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Highly efficient centrifugal compact fan for household appliances

Fans are being used in modern refrigerators and freezers in increasing quantities

Forced air circulation can increase the efficiency of the heat exchanger and with this, it is possible to use a special compact heat exchanger, which would not function with natural convection alone. In addition, the temperature distribution in the device can be adjusted by targeted distribution of cold air, creating the perfect storage conditions in terms of temperature and humidity. The forced air circulation inside the device also prevents air moisture from condensing on the equipment parts and stored items.

Best possible level of device efficiency at minimum power consumption

To achieve the best possible level of device efficiency and therefore to minimise power consumption, every component must be optimised and particular attention must be paid to how the individual components interact with one another. In fans that are located inside the device to be cooled, energy is not just used to drive the fan; the motor heat generated by the fan must also be included in the overall thermal balance. The third crucial design parameter for household appliances is the noise emission. This must be kept as low as possible, as noise is an important quality factor.

Design specifications for the fan can be derived from these basic conditions. In the instance described, the requirements led to a new centrifugal compact fan being developed, which, with an input capacity of around one watt, achieves a maximum efficiency of 22 %. The aerodynamic components have been especially designed and perfected for their application. The impeller and worm gear unit have been designed in unison so that an ideal interaction between the individual components can be guaranteed as early as the design phase.

A low circumferential speed for the impeller was very important in this process, as it results in low noise emissions. in line with the aerodynamic and aeroacoustic configuration, a motor that produced particularly low levels of structure-borne noise has been designed and adapted to the required speed and torque.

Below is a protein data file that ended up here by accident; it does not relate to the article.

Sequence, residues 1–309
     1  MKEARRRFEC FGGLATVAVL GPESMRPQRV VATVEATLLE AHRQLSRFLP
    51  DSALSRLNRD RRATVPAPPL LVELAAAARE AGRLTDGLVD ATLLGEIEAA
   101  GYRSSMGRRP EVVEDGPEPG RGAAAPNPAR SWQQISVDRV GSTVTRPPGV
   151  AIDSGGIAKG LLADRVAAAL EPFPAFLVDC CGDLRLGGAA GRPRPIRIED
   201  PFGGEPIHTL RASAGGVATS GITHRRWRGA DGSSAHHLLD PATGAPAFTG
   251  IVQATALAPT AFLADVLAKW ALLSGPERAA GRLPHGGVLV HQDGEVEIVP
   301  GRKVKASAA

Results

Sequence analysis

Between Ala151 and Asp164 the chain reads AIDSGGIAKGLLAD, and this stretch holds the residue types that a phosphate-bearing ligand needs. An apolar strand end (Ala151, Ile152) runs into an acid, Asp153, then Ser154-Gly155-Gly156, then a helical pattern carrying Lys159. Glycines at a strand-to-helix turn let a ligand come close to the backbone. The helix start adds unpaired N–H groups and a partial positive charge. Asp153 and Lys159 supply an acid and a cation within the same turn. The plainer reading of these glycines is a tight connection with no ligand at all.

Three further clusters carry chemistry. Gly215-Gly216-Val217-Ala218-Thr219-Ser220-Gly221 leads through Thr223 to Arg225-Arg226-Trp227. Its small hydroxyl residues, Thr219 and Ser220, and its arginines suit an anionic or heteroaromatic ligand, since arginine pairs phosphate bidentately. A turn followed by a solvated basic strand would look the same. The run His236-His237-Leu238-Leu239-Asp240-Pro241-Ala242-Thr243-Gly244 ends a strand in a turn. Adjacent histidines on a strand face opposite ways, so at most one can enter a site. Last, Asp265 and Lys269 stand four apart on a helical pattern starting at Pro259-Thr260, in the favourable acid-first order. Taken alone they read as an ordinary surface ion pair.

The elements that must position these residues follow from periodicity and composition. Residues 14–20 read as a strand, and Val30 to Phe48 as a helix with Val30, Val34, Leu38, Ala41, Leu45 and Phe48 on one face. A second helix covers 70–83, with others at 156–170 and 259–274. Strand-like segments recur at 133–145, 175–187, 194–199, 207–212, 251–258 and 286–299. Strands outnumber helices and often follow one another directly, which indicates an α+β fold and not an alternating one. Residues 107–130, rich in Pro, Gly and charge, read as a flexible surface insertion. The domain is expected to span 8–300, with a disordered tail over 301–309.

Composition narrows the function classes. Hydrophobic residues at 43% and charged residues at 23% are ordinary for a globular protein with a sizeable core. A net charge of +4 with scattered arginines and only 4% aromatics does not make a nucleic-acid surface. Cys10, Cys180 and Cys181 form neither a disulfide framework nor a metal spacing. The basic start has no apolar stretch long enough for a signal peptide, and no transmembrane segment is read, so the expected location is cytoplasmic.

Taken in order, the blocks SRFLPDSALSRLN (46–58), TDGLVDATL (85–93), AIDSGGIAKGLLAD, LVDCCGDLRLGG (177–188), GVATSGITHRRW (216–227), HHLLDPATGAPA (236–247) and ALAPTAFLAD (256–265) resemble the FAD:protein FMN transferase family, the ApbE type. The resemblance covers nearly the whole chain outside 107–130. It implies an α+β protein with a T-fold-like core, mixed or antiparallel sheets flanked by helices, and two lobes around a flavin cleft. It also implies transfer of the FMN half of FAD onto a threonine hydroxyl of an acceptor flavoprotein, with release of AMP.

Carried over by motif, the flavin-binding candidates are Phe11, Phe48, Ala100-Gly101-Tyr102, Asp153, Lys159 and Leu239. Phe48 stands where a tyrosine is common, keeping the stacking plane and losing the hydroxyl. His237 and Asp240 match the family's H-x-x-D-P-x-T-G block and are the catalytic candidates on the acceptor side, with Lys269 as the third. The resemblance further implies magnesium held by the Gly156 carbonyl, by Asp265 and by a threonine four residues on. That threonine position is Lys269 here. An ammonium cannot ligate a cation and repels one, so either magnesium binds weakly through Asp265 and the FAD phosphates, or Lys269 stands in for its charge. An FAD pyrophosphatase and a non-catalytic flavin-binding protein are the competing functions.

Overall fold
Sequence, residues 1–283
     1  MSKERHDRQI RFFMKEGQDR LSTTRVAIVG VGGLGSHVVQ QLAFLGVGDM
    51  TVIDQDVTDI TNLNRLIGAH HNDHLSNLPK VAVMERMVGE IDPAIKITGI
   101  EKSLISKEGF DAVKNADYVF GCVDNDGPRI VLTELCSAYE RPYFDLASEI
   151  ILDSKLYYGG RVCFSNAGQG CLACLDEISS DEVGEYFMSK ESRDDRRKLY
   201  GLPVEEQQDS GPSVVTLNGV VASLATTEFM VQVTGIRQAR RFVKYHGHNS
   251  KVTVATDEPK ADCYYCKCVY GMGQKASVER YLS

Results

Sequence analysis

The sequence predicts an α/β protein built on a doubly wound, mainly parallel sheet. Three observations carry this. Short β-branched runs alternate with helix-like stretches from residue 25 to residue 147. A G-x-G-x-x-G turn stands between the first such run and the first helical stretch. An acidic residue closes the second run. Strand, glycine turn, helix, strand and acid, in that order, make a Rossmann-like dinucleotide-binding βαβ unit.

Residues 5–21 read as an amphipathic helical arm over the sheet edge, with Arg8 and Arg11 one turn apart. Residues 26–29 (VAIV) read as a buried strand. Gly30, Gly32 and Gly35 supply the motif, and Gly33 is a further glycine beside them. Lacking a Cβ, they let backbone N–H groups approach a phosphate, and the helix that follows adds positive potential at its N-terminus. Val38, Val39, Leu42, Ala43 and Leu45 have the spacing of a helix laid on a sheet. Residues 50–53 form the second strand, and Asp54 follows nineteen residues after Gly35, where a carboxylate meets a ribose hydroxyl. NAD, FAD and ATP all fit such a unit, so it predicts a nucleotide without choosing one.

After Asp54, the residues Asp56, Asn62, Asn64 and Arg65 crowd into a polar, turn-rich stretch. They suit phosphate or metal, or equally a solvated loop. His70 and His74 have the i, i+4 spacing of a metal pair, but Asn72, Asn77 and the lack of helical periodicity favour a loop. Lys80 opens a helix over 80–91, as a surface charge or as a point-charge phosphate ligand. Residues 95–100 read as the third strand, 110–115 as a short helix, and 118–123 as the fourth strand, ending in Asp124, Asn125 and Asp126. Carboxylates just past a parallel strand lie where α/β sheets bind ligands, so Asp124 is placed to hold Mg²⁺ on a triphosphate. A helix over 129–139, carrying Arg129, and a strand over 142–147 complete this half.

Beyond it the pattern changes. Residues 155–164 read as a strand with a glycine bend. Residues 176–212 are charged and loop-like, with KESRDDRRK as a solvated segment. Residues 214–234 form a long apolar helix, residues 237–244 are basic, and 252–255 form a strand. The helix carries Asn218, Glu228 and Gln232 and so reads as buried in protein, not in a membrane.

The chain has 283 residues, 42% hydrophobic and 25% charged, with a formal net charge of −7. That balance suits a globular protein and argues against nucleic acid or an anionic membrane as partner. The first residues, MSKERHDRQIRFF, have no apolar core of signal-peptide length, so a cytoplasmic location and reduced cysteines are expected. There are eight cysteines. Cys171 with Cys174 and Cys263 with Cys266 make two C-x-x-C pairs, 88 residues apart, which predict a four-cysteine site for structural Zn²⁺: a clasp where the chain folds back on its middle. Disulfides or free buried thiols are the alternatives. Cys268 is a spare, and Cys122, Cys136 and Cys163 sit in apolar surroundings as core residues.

Figure 1: Completed fan and CDF model. The direction of rotation in the model is the opposite of the completed fan and the minimum distance between the impeller and housing has been increased in favour of noise emissions. There are pockets at the fan inlet for balancing weights, which are used to guarantee that the fan runs with low vibrations.

The aerodynamic components have been entirely designed with modern, three-dimensional computational fluid dynamics (CFD). These were used in the refrigeration unit in a much earlier state of development when defining the requirements for the fan. in the course of the development, the reaction of the fan to the noise behaviour was also evaluated by means of simulations. for this, the incompressible Navier stokes equations involving friction are solved for the given fan geometry. The geometry, i.e. the design of the blades, current cross-section and housing geometry, are modified until the current moves through the fan with as little noise as possible and with as little loss as possible. More details of the design process and the description of the experimental devices used can be found in Schmitz, et. al., Design and Test of a small High-Performance Diagonal fan, Proc. iGTi 2011, Vancouver.



Figure 2: Aerodynamic power data of the fan unit

In the next state of development, the components of the fan are built in a rapid prototyping procedure, the motor is integrated and the entire unit is evaluated with regard to air performance and acoustics. The operating point of the fan is within the range 30-40 m3/h. In this range, the pressure build-up in the fan corresponds to the system resistance of 15-25 Pa. The fan achieves an overall efficiency of around 20 %. This means that one fifth of the electrical energy is converted into current energy. for a fan of this size and performance level, this is a very good figure, particularly when one considers the compromises that have to be made.

To achieve a higher level of efficiency, the gap between the rotating and static components must be kept as small as possible. However, if the gap is too small, there is a danger of the refrigerating unit freezing, which is why a minimum gap size must be adhered to. The smaller the distance between the casing tab and the impeller, the more audible the aeroacoustic interactions of both components. These contradictory requirements mean that compromises have to be made and the compromises needed for good acoustics were determined in experiments using prototypes.

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